In roughly chronological order, Prokopowicz proposes and answers questions touching key aspects of Lincoln's life, including his childhood, his adult life in Springfield, his presidency, the Gettysburg Address, and his assassination. The inquiries offer a wide perspective, responding as often to questions that might be asked by a curious child as to those from adults who have a more in-depth knowledge of history.

Prokopowicz is a pleasant authority, answering questions in a lively and engaging manner, frequently sharing a refreshing sense of humor. This writing style, along with an intelligent ordering of many questions, creates a surprising "page-turning" quality to the book, in spite of its basic Q & A approach. I expect that many will find the book to be an excellent read.

The years of study behind Prokopowicz's answers is evident as he shares knowledgeable, and often thorough, replies to the inquiries. Other Lincoln experts may argue that he comes down on the wrong side of some of the current debates in Lincoln scholarship -- I certainly disagreed with his assessments a time or two -- but cannot deny that he does a credible job explaining the contours of such controversies.

One such example is the book's title question -- did Lincoln own slaves? Rather than simply offering the basic answer, which is no, Prokopowicz uses it as a way to frame his consideration of modern doubts about portraying Lincoln as "The Great Emancipator, which is certainly one of the key current debates in the Lincoln world.

Long-time students of Lincoln are unlikely to learn much new in this book, though it does provide a handy reference to many of the common questions. Instead, this is a work intended to provide a helpful resource to the more casual student of Lincoln, who doesn't want to thumb through a biography -- and doesn't entirely trust an Internet search -- to answer basic questions about the sixteenth president.

This review is also published at ( )
  ALincolnNut | Apr 4, 2012 |
Short and snappy biography of Lincoln in a Q&A format -- initially looks like pop history, but it is actually well researched, well written, and very interesting. ( )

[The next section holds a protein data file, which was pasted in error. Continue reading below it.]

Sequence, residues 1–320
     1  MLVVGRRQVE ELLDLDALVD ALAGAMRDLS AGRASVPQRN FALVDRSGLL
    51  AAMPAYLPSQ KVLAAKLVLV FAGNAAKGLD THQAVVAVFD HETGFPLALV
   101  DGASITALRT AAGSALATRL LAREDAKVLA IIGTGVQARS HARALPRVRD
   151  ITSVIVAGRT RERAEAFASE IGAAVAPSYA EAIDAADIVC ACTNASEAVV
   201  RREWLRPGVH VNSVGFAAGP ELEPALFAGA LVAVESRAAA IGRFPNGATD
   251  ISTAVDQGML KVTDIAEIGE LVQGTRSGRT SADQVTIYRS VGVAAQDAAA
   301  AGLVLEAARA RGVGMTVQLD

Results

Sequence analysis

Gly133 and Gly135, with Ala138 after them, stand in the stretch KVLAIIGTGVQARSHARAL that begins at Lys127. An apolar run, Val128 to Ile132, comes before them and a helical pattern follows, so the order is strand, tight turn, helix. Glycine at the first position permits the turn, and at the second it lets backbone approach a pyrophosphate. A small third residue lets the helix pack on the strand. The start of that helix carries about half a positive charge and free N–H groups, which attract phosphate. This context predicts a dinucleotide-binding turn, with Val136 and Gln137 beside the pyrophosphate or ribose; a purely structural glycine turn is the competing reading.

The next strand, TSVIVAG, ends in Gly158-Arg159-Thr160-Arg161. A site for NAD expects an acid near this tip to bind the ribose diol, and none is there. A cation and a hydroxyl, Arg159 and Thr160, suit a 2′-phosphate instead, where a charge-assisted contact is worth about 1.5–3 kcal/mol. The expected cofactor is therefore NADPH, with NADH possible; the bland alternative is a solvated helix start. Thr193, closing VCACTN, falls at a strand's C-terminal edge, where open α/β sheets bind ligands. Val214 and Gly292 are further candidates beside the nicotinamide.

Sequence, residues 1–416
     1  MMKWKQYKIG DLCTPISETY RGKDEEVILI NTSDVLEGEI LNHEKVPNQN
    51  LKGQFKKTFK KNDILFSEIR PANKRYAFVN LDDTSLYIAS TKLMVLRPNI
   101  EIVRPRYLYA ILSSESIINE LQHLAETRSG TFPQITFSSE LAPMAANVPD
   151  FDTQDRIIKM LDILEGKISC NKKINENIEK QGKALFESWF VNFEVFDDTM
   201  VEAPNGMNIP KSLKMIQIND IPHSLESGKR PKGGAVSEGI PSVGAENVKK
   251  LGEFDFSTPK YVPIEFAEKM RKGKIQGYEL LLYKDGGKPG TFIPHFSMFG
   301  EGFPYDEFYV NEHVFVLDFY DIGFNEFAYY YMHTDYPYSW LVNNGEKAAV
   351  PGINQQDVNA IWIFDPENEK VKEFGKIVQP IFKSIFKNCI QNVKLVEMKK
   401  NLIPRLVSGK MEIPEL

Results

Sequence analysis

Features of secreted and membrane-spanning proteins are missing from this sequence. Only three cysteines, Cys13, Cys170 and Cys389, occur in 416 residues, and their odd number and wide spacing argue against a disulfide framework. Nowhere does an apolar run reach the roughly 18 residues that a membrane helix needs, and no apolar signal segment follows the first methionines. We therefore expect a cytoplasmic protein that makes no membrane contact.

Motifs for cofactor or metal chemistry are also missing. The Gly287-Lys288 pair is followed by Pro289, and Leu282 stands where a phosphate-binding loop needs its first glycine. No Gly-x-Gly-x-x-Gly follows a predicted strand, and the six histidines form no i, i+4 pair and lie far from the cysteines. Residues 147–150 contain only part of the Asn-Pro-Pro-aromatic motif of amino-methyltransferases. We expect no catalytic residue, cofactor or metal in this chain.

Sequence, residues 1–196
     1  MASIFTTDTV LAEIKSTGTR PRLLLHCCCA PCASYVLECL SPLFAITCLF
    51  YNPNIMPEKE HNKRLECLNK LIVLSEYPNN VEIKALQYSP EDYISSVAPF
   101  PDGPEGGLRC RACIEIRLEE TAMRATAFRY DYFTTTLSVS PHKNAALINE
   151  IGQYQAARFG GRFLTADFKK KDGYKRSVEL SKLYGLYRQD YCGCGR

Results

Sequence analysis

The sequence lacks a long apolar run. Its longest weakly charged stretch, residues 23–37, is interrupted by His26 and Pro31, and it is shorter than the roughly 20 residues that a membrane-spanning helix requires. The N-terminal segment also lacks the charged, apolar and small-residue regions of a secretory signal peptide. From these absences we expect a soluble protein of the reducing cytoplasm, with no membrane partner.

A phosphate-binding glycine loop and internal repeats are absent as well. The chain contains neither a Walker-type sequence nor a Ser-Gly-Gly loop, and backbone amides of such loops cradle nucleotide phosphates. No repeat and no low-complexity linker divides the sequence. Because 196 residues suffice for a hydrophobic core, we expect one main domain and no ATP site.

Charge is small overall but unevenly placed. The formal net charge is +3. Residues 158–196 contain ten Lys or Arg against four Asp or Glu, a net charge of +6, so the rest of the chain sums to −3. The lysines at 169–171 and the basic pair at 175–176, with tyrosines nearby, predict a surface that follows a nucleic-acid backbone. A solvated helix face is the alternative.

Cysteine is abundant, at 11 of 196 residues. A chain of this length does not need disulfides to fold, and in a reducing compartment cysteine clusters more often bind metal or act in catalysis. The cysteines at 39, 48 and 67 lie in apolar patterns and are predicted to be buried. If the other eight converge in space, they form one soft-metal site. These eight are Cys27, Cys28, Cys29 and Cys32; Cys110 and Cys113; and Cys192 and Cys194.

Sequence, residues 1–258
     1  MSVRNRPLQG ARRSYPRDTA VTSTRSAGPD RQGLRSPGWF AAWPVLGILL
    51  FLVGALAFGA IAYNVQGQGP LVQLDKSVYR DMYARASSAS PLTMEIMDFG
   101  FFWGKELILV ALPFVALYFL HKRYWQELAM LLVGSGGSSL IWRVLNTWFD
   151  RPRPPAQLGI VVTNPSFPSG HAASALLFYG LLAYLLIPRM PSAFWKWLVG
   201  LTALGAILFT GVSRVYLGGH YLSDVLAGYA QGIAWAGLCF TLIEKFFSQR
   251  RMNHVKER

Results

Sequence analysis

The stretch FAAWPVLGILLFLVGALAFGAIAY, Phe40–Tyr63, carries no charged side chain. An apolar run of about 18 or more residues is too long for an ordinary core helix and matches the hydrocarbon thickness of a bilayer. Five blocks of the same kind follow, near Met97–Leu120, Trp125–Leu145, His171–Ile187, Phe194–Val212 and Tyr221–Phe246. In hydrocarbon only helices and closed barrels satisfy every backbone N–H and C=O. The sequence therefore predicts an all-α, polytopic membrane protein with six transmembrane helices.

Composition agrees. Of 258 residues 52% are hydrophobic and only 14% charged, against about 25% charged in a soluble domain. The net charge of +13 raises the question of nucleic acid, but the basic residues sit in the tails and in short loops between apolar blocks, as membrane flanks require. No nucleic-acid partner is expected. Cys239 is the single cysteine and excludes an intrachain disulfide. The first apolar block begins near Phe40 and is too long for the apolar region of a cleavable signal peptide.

annbury | Apr 11, 2011 |
I really enjoyed this book. While a Lincoln scholar will not really learn too much about Lincoln (as the author comes out and says in the introduction), it does provide a very nice condensation of all sorts of facts about Lincoln presented in a breezy readable style. The book is is written in the style of a series of questions and answers (e.g., 'did Lincoln own slaves' to quote the title), then give a brief then a more detailed answer (e.g., 'No, he did not. He......'). The information is extremely accurate. There were a few places where I thought the author was going to slide into some pseudo-history that I was aware of, but he never did. If you want to learn 'just the facts, ma'am' about Lincoln without having to wade through a long biography, this would be a great place to start. This would be a great gift book for someone who is a history buff but doesn't know much about Lincoln. As an aside, I especially liked his answer to 'what is the worst book about Lincoln ever written?'. His second place worst book was "Lincoln" by Gore Vidal, a book I also hated and I have been surprised at the general positive reviews on this site. That book was pure crap, and this author calls Vidal on it. Hooray for Prokopowicz. ( )
  estamm | Oct 22, 2008 |
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Answers the most unusual, provocative, and frequently asked questions about Abraham Lincoln.